- I put the slow and medium cards back in the Review section of the box and we do them again the next day.
My twins love seeing how many they can get in the “fast” pile, and this little activity has become one of our favorite moments of the school day.
Engaging Activity Sheets
One of my twins’ favorite features of the program are all the Activity Sheets.
These pages are found in the Leap Into Reading student books. The perforated pages are easy to tear out, and usually there’s very little prep (nice for busy parents!) to use them—often just cutting the pages into little sections for the activity. (Last year I had them cut the pages to help develop their fine motor skills, but now I do the cutting to save us some time.)
Truth be told, I don’t do all of the Activity Sheets. I might do 50% of them. They are all worth doing, but when we need to save time in the school day, these are the easiest things to cut from the program.
Perfectly Challenging Readers
The “meat” of All About Reading, in my opinion, are the readers. These are nice, hardback storybooks, each chapter its own self-contained story.
I love these because…
- Every single word of each chapter only contains words that are covered by concepts they’ve learned so far—so every word is an opportunity to reinforce the concepts they’re learning. This curriculum doesn’t rely on third party readers or outside picture books that may or may not match up 100% with the concepts the students are learning. The readers are custom-written for the program.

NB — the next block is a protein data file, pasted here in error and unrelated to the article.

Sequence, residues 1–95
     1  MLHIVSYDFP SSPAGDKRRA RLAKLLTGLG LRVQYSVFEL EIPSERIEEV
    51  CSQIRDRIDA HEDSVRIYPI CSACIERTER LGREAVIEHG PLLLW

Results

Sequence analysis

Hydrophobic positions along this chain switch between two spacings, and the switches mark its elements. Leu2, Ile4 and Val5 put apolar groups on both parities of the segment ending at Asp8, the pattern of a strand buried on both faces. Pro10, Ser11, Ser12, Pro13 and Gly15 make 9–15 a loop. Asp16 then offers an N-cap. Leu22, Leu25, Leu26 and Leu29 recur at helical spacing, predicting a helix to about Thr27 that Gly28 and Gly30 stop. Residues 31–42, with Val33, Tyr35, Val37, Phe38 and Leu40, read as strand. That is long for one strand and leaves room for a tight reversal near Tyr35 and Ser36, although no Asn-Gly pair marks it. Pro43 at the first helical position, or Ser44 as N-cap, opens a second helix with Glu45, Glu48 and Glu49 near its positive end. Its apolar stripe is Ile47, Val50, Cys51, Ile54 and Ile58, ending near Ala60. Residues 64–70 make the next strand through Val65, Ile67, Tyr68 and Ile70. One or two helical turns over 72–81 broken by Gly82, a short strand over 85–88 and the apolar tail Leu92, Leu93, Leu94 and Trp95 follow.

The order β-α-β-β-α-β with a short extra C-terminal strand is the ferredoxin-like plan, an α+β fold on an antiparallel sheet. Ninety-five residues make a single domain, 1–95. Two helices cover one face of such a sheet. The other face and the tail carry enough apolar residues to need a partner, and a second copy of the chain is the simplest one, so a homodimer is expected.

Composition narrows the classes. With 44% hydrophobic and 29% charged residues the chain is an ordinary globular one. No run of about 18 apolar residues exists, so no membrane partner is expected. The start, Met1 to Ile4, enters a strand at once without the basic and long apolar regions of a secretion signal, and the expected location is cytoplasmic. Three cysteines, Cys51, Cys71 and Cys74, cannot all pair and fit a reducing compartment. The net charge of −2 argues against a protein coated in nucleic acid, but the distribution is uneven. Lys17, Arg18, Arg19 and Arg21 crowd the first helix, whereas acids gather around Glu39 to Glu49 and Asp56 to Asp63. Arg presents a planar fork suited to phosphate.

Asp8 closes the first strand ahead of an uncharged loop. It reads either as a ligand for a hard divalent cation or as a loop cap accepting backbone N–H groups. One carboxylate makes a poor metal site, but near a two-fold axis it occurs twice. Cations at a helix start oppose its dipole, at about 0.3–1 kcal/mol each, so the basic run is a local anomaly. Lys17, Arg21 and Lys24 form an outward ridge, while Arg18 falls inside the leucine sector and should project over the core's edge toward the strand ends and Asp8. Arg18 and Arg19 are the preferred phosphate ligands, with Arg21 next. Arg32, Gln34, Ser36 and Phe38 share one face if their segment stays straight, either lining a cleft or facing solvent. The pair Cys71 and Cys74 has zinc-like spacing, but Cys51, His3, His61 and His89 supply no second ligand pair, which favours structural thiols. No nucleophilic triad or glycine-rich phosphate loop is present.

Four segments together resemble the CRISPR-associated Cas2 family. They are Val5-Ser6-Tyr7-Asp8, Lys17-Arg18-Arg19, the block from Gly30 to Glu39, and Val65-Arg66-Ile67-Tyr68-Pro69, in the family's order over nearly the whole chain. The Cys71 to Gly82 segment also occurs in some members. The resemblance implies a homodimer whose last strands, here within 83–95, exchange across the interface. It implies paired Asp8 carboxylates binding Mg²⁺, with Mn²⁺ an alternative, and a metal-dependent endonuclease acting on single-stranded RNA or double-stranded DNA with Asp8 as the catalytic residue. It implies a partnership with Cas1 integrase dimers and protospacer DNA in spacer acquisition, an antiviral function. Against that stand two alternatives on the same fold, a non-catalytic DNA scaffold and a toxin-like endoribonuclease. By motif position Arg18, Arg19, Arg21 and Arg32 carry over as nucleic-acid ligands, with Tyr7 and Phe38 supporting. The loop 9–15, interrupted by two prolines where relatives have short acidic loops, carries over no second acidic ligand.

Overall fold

- The stories are fun, short, often goofy — perfect for my twins (especially the goofy part)! They give students the chance to put their learning into practice.
- They’re also creatively illustrated with pencil-sketch drawings that are great for drawing in my boys—who love to stop the reading process to talk about each picture!
I usually have them read from the readers every day, though occasionally I mix it up with books we get from the library.
Additional Practice Sheets
Another really nice feature of the curriculum are all the additional Practice Sheets and Warm Up Sheets in the student activity books. We read the Warm Up Sheets before we read the stories in the readers—there’s a Warm Up Sheet for every story to familiarize your student with the words they’re going to see in the story.
Sometime I skip this if I sense my boys are easily grasping the material. Sometimes I don’t require they read all the words—and that is based a lot of their mood that day. Sometimes I can just tell they will be fatigued by too much practice—and that’s the beauty of the program. Everything is scripted for you but it is also customizable: you move at the pace your student needs to go. Sometimes a lesson takes only a day. Sometimes they take two or more.
…And It Really Works
I’ve been so pleased with the progress my kids have made using this program.
- The methodical, fully-scripted, fully-explained Teacher’s Manual makes it easy for me.
- The simple activities, stories, and engaging manipulatives makes is fun for them.
And best of all—it works.